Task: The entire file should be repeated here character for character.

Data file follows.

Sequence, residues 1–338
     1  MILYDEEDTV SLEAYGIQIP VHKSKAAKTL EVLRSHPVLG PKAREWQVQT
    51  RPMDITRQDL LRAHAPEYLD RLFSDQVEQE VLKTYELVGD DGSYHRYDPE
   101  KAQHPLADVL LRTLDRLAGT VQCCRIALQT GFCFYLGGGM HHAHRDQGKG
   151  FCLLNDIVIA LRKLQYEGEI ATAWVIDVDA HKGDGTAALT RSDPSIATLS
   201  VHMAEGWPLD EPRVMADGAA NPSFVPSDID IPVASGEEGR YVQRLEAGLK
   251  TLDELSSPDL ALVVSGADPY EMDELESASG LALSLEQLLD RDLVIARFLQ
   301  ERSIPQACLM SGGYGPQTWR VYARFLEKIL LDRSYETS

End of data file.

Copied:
Sequence, residues 1–338
     1  MILYDEEDTV SLEAYGIQIP VHKSKAAKTL EVLRSHPVLG PKAREWQVQT
    51  RPMDITRQDL LRAHAPEYLD RLFSDQVEQE VLKTYELVGD DGSYHRYDPE
   101  KAQHPLADVL LRTLDRLAGT VQCCRIALQT GFCFYLGGGM HHAHRDQGKG
   151  FCLLNDIVIA LRKLQYEGEI ATAWVIDVDA HKGDGTAALT RSDPSIATLS
   201  VHMAEGWPLD EPRVMADGAA NPSFVPSDID IPVASGEEGR YVQRLEAGLK
   251  TLDELSSPDL ALVVSGADPY EMDELESASG LALSLEQLLD RDLVIARFLQ
   301  ERSIPQACLM SGGYGPQTWR VYARFLEKIL LDRSYETS